Labor Day weekend car show provides boost to downtown businesses

The threat of an uncompleted street project did not seem to worry the 1,000-plus car owners and thousands of visitors who swamped downtown Kenosha Saturday.

The 14th annual Kenosha Classic Cruise-In expanded its area in the central business district to handle the expected crush of additional cars. The event is produced by Kenosha Class Street Machines.

Show coordinator Tony Pontillo wasn’t sure how many cars would ultimately be on display.

“It’s too early,” Pontillo said right before 11a.m. “They’re still coming, but we’re over 1,000.”

Although participants were instructed to enter the show area at 56th Street and Seventh Avenue, not every car owner paid attention to the request.

“Last year we had 1,643 cars on the counter,” said Pontillo. “This year, a lot of people have cheated. They are coming in the back way. There are probably 300 to 400 cars on the grassy area next to Trolley Dogs” at the corner of Sixth Avenue and 55th Street.

Cars could be found from 55th Street to 59th Street and from Seventh Avenue to Fifth Avenue, and even pockets farther south. Much of that area was included in a major street and sidewalk replacement project that kept downtown streets torn up all summer.

Pontillo added: “Downtown businesses tell me it’s the best business day they have all year.”

Cars equal business

While fears of inaccessible streets kept area merchants on edge all summer, the annual car show does mean extra business for some stores.

Mike Bjorn, owner of Mike Bjorn’s Fine Clothing, 5614 Sixth Ave., said the car show is the one large event that brings customers into his store.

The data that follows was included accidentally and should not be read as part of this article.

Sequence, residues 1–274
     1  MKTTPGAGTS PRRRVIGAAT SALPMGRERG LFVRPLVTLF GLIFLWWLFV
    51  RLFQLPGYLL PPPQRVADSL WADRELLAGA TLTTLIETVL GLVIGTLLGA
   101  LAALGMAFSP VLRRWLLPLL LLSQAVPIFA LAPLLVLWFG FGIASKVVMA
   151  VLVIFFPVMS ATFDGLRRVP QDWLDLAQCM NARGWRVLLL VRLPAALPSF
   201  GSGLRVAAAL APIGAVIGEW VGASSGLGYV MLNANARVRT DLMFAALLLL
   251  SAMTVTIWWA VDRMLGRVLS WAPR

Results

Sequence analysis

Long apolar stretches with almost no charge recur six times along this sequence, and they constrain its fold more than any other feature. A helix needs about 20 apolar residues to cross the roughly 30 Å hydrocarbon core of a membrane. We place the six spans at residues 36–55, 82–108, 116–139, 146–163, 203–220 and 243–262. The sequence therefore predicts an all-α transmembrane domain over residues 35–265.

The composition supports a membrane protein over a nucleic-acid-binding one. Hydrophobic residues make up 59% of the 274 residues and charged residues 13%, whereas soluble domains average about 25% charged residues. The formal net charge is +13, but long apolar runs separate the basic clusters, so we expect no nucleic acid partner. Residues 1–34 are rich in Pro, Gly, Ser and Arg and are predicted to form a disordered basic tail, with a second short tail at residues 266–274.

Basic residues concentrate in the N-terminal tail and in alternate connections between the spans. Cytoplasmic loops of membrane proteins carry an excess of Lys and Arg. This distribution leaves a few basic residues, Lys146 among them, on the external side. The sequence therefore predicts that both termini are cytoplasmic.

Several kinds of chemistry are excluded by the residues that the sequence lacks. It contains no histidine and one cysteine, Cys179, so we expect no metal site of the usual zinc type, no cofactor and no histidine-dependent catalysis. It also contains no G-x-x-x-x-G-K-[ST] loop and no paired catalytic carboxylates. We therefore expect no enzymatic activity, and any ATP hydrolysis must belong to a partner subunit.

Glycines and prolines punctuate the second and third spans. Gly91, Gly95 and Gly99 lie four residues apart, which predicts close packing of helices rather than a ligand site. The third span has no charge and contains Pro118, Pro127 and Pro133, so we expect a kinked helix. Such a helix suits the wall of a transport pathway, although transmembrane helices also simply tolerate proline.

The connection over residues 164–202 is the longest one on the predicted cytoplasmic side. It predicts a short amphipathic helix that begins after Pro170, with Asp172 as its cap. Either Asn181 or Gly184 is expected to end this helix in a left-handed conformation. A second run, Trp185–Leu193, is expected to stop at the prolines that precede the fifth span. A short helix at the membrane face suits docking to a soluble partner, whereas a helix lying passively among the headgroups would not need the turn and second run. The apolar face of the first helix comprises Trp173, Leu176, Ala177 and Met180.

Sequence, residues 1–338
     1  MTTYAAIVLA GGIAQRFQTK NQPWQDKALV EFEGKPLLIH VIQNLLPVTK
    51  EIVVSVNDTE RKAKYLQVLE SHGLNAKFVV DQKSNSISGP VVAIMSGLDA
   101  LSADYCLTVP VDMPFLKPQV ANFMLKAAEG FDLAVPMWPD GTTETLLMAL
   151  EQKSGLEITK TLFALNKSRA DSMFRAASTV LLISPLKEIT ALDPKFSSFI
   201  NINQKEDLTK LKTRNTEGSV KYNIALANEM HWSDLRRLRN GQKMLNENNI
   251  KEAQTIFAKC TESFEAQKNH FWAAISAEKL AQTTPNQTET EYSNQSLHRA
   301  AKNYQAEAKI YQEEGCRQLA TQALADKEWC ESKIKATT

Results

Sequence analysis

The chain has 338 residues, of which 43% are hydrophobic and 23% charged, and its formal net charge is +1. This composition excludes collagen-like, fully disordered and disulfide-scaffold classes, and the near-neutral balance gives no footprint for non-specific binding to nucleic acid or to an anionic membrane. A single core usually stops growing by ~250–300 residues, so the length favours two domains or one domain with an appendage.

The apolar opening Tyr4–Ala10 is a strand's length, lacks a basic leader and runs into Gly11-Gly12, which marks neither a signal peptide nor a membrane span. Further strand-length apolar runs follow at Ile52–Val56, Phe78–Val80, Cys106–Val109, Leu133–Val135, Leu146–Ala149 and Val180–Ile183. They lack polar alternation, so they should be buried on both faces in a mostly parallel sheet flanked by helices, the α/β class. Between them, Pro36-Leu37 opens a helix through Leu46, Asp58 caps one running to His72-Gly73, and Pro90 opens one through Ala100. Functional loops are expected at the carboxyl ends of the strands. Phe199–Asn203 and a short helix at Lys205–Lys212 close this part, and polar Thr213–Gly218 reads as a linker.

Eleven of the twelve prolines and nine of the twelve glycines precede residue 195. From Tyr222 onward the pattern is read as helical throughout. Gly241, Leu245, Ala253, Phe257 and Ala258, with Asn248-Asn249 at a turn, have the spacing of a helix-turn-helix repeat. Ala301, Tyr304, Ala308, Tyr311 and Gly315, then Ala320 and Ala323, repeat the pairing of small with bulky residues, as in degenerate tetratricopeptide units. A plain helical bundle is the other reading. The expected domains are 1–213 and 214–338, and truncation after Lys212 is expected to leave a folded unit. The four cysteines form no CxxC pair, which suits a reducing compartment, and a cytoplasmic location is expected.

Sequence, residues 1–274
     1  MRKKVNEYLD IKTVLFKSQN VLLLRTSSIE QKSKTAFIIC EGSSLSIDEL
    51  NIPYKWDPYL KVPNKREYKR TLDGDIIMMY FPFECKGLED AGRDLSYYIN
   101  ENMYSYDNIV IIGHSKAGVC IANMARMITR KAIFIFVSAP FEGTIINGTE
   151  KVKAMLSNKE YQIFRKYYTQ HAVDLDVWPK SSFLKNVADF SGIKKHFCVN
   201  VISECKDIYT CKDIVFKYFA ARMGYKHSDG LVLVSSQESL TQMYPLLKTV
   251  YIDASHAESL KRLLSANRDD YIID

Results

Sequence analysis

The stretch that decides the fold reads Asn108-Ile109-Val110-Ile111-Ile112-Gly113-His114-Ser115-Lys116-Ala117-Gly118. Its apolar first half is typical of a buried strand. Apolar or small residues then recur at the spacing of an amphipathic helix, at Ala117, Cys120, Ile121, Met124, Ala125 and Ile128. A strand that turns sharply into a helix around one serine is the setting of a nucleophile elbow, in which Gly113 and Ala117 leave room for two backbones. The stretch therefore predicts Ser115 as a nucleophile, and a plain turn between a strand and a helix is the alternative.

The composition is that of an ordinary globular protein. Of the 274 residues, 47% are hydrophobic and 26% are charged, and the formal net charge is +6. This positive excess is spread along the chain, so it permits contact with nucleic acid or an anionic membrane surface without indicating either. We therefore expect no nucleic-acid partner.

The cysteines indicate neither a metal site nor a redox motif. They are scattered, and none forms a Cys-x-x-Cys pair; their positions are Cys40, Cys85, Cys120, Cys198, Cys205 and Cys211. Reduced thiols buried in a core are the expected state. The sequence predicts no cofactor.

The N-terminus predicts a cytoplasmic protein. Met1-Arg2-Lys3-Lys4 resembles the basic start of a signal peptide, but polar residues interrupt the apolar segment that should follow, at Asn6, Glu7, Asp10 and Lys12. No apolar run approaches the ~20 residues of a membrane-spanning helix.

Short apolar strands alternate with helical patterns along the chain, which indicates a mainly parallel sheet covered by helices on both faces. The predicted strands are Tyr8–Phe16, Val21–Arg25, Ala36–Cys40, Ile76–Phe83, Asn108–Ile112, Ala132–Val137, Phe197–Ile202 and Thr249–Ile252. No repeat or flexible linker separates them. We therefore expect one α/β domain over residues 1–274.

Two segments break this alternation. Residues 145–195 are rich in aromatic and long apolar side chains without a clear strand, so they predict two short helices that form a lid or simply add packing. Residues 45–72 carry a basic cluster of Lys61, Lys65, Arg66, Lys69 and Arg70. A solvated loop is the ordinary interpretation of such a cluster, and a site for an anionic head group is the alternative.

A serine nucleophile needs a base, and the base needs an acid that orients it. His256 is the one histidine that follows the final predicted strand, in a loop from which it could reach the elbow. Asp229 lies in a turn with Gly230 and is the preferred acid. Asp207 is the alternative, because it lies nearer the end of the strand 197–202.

“This is the only event on the east side of town where hundreds of people will come into the store,” Bjorn said.

He added that the preponderance of events happening in the city does not ring his cash register. “There is only so much money to be spent,” he said.

“We want to make that happen, and we want those businesses to make money,” said Pontillo. “We want people to go into the (downtown) businesses and spend money.”

Familiar and exotic

The car show offers makes and models for just about every interest, both the everyday and the exotic.

A car model that might have been seen in downtown Kenosha in the 1970s was parked on Sixth Avenue, across from the Orpheum Theater.

Jim Smith and his wife Susan, from Antioch, Ill., sat with their green 1971 AMC Hornet. They purchased the car new in 1972. The car has 43,000 miles on the odometer.

“We go to a lot of car shows,” said Jim Smith. “We’ve been coming to this show for six or seven years.”

Farther north on Sixth Avenue, Ray McBride made the short drive north from Beach Park, Ill., to show his 1989 Chrysler’s TC by Maserati.

McBride said he often has to explain the design and manufacturing agreement between Chrysler and Maserati. The car, upon inspection, carries a Maserati badge on its front grille.

“They only made 7,300 of these between 1989-91,” said McBride. “It’s a convertible, but was shorter than the Chrysler LeBaron. And it has a detachable hard top.”

The car’s dash, door panels, seats, armrest and rear fascia panels are covered in hand-stitched Italian leather. The inside doorjambs are finished with stainless steel.

And just to make sure that the public doesn’t confuse it with its American cousin, McBride placed a sign on the car: “I Am NOT A LeBaron.”

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